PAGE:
Several factors, including but not limited to online advertising, social influence, and usage motivation, influence behavioral intention. Resources have to be allocated in these directions. Out of these three factors, usage motivation is the most important one (0.482), followed by social influence (0.270) and online advertising (0.219). This means the company should emphasize usage motivation, in case there are no available resources to manage all three areas simultaneously. However, this variable is very important due to the fact that it is situated as one of the “starting points of purchase decisions” [49
]. Usage motivation is not a single-dimension factor, being influenced by the following elements: information about products/services at any time; needed information at any time; fun of using m-commerce; the enjoyable feeling of using m-commerce; entertainment in using m-commerce; a sense of adventure while using mobile commerce; rewarding part of using m-commerce; many features provided by m-commerce; fulfillment of different tasks and functions in an efficient way; helpfulness in buying and searching online. Our proposal is that the companies should allocate resources in this way, if these are limited.
In terms of implications for marketing theory, we can state that the novelty of our research consists in adding a new variable, online advertising influence, to the developed model. Comparing our results to past research, we can underline the similarities and the differences with our results. Thus, following the work of Dakduk et al. [23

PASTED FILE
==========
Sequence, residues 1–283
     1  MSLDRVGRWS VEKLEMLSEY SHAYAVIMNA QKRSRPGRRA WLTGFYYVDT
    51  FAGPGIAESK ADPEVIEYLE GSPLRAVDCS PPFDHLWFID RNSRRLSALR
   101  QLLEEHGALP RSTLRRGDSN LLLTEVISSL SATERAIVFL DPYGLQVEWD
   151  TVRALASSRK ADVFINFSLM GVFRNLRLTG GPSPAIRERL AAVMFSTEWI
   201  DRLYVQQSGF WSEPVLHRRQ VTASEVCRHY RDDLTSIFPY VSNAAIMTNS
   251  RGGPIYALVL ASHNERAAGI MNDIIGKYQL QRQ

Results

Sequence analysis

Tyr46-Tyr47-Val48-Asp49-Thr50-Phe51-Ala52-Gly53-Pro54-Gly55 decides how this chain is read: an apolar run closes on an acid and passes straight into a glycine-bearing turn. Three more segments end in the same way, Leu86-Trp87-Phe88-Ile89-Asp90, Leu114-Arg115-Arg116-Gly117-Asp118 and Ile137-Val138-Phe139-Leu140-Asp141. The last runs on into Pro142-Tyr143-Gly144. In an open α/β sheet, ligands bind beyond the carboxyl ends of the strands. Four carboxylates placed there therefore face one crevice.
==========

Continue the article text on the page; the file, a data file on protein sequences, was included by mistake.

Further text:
], social influence did not have an impact on behavioral intention. However, our results are in accordance to the results obtained by Sivathanu [50
] and Savita Panwar [51
] that confirm a significant positive impact of social influence on behavioral intention. According to Zhang et al. [52
], this result is more appropriate in cultures with “high scores in power distance and masculinity”. In accordance to the results of Dakduk et al. [23
], usage motivation, also named “hedonic motivation” has a significant positive impact on behavioral intention. Moreover, information value, convenience value, and performance have a significant positive effect on hedonic motivation [46
]. From the findings of Omar et al. [45
], customer satisfaction has a significant positive impact on usage motivation, also named “customer loyalty”.
In terms of implications for marketing practice, the paper offers valuable results, in order to improve m-commerce practices. Companies should consider online advertising when establishing their budgets, as Generation Z’s representatives can be targeted by online promotional actions. However, the marketing decision makers can use the results of our research in order to compare the influence on behavioral intention of other alternative activities, that were already implemented within the company, such as, media advertising, direct marketing, loyalty programs, membership cards etc.
On the other hand, even if Generation Z is an online generation, with its representatives being born in the digital age, there are several factors that we need to consider in analyzing the results. The income is lower for younger generations, most of them being unemployed or at the beginning of their career. However, the evolution of the standard of living is different at the level of the European Union member states, being impacted by the following variables: “population, density of the population and inflation rate” [53